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  • Writer's pictureLaura Flynn Endres

Daring to Disagree... with an Orthopedic Surgeon! And How to Hip Hinge

Ok, so not with a specific surgeon, but with a booklet given to my client by her orthopedic surgeon after her back surgery...

Here's the story.

This photo is from a booklet given to my client from her orthopedic surgeon's office. She's had it a while, and thought to show me when we were talking about exercises she could do on her own during an upcoming trip.

As I thumbed through the booklet, I was like "yes, yes, yes, uh huh, nice, good, I do most of these with clients, yes, yes, yes" to almost every page - until this one!

woman demonstrates several ways to pick things up safely

It was on the very last page of the booklet.

And as I looked at it, I thought... "no no no NO. Just... no."

Here's Why:

Let's divide this page into two parts. Here's the first one - where you're instructed to do the deepest squat possible (known as "ass to grass" in workout circles), grab the box, and then stand up with it.

photo showing a woman squatting down to pick up a heavy box

The problem? The deep AF squat. That should be all I need to point out.

Getting that deep, with that degree of knee flexion, is not possible - and risky - for most people.

And then you're supposed to lift a heavy box while you press back up? GTF out of here.

That's not happening. (MAYBE after we train for it... maybe.)

Let's move on to their second option, shall we?

woman demonstrating how to pick up something heavy

The problem with the second option... pressing up out of a half-kneeling position? Again, hard hard HARD.

Most people can only do that when they have their hands free, and sometimes only when they lean on their coffee table or couch for help.

Add a heavy box to both hands as they stand up?

Yeah no. (<--- that's "Midwest" speak for NO.)

Not to mention this move requires balance too. This is a disaster waiting to happen.


Now, the move they say "NO!" to?

woman demonstrating how NOT to bend over to pick up something heavy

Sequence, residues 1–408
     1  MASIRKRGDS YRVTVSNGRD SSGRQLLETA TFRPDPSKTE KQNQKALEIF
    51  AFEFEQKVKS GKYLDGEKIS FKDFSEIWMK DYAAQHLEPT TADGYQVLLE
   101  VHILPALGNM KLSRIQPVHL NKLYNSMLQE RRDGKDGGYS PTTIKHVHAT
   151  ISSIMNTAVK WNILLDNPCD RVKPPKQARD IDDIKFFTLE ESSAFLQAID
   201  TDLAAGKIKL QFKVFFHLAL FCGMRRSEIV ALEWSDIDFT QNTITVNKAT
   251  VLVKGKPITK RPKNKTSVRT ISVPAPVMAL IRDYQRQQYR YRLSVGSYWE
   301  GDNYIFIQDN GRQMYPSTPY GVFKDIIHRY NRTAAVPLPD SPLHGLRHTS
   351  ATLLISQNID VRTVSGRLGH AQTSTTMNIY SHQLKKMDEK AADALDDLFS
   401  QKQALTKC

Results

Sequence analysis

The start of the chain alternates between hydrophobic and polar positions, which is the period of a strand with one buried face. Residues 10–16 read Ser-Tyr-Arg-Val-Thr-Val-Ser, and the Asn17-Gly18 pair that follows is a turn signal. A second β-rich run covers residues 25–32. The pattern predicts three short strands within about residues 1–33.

It's called a hip hinge. And it's a fundamental movement pattern.

Now, the woman is not doing a proper, safe hip hinge in that diagram, this is true.

But the hip hinge is a movement we do all the time, and because it's how people actually pick things up most of the time, WE NEED TO TRAIN TO DO IT.

I'm sorry I keep yelling.



You've seen or heard of deadlifts, right? The exercise that has you bend forward at the hips, grab a heavy-ass barbell, and stand up with it? It's one of "the big 3" in the exercise world!

And for a reason.

That's how we usually pick things up. So again, LET'S TRAIN TO GET STRONGER in that pattern, and let's also work on proper form to do it safely.

I assess my clients' hinge pattern in our first ever session together, and I quickly get a sense for whether or not the movement comes naturally to them.

It's one of those movements where people either naturally do it well, or they struggle to put the pieces together. It's actually a very technical lift.

And it's one of my non-negotiables. I'm going to work with clients until their hinge pattern is strong and smooth as butter.

Once they've mastered the hip hinge pattern and they know how to lift safely, I know they are less likely to strain their backs when they move rocks in their yard or haul a full basket of laundry or pick up their dog.



The hip hinge was a struggle for my client Richard at first. But after weeks of practice, his hip hinge is flawless!

See for yourself!

I have several principles I abide by in my training style, and the main one is safety.

Safety while they're exercising with me, safety while they're moving about in their daily lives, and safety in proper exercise assignment and progression.



Want to learn how to do the hip hinge? Start with this video, where you use a broomstick for feedback!

To begin, you want the broomstick touching three points on your back:

  • Back of your head

  • Between your shoulder blades

  • Your tailbone, or your bum

Hold the stick with one hand above your head, and one hand placed in the small of your back.

Now, when you hinge forward, your goal is to bend at the hips, bend your knees slightly, and keep the stick touching all three points as you hinge down AND come back up.

You WILL bend your knees a bit, but that's secondary. It's a hip movement first, and you bend the knees a bit to keep a long neutral spine - meaning with the stick touching all three points.

Notice which part of your body the stick leaves first. Usually it's your tail or head. Notice how you have to adjust to keep it from happening.

Aim for a smooth movement on the way down and on the way up!

Also, one final cue - when you're coming up out of the hinge, instead of "pulling" with your back to stand, instead, squeeze your butt (snort), and push your hips forward. Keep your spine long the whole time. Stand tall with perfect posture at the top!

Once you have the movement down pat, hinge forward with a dumbbell in your hands, like my client Richard demonstrated!

Start light and work your way up.

If you have more questions on this, or any exercise, message me! I reply to every question!

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